Both the Western Pennsylvania School for Blind Children and Western Pennsylvania School for the Deaf date back to the 1870s and are part of Pittsburgh’s rich legacy of philanthropy. The other schools that are part of Pennsylvania’s four Chartered Schools for the Deaf and Blind are in Philadelphia: the Overbrook School for the Blind, established in 1832 and the Pennsylvania School for the Deaf, chartered in 1820.
The Western Pennsylvania’s School for Blind Children’s (WPSBC) history begins in 1885 when Jane Holmes—one of Pittsburgh’s earliest philanthropists—died, bequeathing $50,000 to establish an institution to “help the blind” on the condition that Pittsburgh’s denizens contributed another $25,000. Public meetings determined that the bequest should be used to create a school for blind children as the only other school of its kind in Pennsylvania was far away in Philadelphia. The additional money was soon raised.
The school was chartered in 1887 and formally opened in 1890 out of a house on 42nd Street in Lawrenceville with 21 students attending. Taken by the cause, Mary Schenley—another prominent philanthropist—donated a little over five acres of land on Bellefield Avenue in Oakland. The new building opened in April 1894, and it was there that the then-40 students gained a comprehensive education from algebra and rhetoric to piano tuning and knitting.
The Western Pennsylvania School for the Deaf (WPSD) is located in Edgewood. Its history begins with a deaf Black child, Henry Bell, who was brought to the Mission Sabbath School at Third United Presbyterian Church and no one knew how to communicate with him. Superintendent Joel Kerr sought help from a deaf man, William Drum. Drum and another deaf teacher began working with eight students. Kerr’s pastor wondered about the benefits of daily, rather than weekly, instruction and took the matter to Pittsburgh’s Central Board of Education. With an $800 grant and the use of one of the city’s schoolrooms, the Western Pennsylvania Institution for the Instruction of the Deaf and Dumb, the country’s first day school for deaf children, opened with 14 students in September 1869.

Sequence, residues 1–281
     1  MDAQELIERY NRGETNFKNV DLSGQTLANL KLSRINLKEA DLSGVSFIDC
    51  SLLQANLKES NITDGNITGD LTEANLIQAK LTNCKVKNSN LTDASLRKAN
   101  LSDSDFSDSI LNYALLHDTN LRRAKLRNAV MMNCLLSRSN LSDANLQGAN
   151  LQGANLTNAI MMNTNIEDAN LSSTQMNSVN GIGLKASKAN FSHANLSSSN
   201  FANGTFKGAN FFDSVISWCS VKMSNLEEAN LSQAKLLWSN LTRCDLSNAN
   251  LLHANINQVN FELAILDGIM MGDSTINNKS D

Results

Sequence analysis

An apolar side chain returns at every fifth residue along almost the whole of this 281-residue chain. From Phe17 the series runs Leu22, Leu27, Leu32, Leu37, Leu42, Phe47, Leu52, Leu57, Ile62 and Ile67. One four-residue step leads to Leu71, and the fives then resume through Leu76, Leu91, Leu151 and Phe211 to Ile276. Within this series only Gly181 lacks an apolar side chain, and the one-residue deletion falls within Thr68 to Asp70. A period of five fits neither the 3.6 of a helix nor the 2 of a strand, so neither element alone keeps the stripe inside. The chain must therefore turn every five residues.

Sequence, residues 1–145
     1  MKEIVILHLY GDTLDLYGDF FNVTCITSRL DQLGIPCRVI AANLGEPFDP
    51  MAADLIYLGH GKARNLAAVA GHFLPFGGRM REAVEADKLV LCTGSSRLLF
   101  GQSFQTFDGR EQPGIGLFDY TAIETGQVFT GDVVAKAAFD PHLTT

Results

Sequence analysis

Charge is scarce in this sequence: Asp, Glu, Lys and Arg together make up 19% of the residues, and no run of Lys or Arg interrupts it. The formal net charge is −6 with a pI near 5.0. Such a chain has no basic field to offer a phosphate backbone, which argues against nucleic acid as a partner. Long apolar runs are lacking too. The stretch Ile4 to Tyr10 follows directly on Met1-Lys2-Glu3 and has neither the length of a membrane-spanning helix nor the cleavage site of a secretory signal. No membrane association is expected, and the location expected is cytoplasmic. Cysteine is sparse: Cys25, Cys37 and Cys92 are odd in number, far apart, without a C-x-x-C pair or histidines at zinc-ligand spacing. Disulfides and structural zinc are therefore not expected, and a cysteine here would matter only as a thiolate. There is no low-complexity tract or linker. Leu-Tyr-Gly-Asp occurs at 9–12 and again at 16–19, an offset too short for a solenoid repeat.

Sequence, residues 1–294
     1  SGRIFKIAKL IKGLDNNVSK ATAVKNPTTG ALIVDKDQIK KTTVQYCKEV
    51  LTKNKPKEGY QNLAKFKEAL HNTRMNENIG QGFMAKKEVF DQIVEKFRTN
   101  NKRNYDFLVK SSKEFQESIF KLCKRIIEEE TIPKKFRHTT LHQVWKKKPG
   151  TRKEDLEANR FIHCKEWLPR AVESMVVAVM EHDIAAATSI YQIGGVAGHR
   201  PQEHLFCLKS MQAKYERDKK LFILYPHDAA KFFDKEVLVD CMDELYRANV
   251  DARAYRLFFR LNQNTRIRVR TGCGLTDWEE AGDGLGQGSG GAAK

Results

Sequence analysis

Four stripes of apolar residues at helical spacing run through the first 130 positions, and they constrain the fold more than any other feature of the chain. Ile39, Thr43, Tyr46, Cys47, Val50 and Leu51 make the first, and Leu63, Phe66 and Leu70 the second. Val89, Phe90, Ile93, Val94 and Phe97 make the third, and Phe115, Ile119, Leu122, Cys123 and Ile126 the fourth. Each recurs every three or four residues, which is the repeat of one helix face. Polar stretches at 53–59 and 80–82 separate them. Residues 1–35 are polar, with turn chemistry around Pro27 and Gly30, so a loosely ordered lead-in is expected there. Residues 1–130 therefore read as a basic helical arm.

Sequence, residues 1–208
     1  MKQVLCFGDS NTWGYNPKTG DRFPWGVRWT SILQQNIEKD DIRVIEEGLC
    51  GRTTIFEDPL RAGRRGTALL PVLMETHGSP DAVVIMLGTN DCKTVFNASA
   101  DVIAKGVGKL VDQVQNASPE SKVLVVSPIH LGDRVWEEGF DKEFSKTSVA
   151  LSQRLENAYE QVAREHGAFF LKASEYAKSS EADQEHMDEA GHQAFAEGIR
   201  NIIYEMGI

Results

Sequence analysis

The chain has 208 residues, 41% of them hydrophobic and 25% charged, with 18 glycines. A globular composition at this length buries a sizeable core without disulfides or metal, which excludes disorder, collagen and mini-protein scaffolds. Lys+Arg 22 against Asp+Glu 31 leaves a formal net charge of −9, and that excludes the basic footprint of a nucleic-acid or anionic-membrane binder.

By 1871, a charter was obtained, land in Edgewood gifted by James Kelly, Esquire—a prominent citizen of Wilkinsburg—and $20,000 raised from private contributions. (A protracted legal battle with a railroad company kept the land out of use for several years before eventually being settled.)
In the meantime, the student population quadrupled in seven years; the school moved to Turtle Creek and added boarding. In 1884, the school and its 120 students finally moved to Edgewood with the help of $60,000 from the state legislature, matched by community donations. While the original building burned to the ground in 1899, its three-story replacement, finished two years later, remains standing and in use today and is listed as a historical landmark by the Pittsburgh History and Landmarks Foundation.
Changes in federal education law in the 1970s increased disabled children’s right to an education and more recent updates have helped them better access that education in their home school districts; however, because hearing and visual impairments are relatively rare, many districts are unable to provide necessary, specialized accommodations. In 1993, the Pennsylvania Legislature established a separate line item in the commonwealth budget for the four chartered schools, bolstering the schools’ continued reliance on private funding. Students attend the schools without cost to their families; tuition is shared between the commonwealth and the student’s school district.
Today, WPSBC and WPSD have approximately 175 and 185 students (respectively), ages 3 to 21, from across Western Pennsylvania. While no longer as in demand as it once was, both schools still offer a weekday residential option for students who live too far away for daily transportation. They have outreach programs for infants, toddlers, and children who are enrolled in their home schools. WPSBC additionally has an adult day program. WPSD has a second campus in Scranton, a program in Camp Hill, and is the largest comprehensive center for deaf education in Pennsylvania.
An interesting side note, given our current pandemic, involves one of these schools. As the 1918 influenza pandemic burned through Pittsburgh, the then-Western Pennsylvania Institute for the Blind immediately shut its doors to visitors coming in and students and staff going out, becoming what would later be called an “escape community.” By doing so, they suffered zero cases of the flu during the first wave, twelve during the second (quickly followed by another closure), and zero deaths.